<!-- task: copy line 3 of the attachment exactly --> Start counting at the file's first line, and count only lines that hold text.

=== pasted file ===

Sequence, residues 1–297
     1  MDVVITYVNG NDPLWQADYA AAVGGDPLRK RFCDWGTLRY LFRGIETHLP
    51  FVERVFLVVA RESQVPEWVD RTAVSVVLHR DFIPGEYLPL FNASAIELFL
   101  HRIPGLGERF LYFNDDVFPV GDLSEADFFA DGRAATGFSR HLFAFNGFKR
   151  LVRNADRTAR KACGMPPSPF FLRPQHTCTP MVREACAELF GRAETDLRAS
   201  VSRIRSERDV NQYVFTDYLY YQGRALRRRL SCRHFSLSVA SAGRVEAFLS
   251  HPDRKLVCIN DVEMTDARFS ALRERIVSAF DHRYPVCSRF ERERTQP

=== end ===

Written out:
    51  FVERVFLVVA RESQVPEWVD RTAVSVVLHR DFIPGEYLPL FNASAIELFL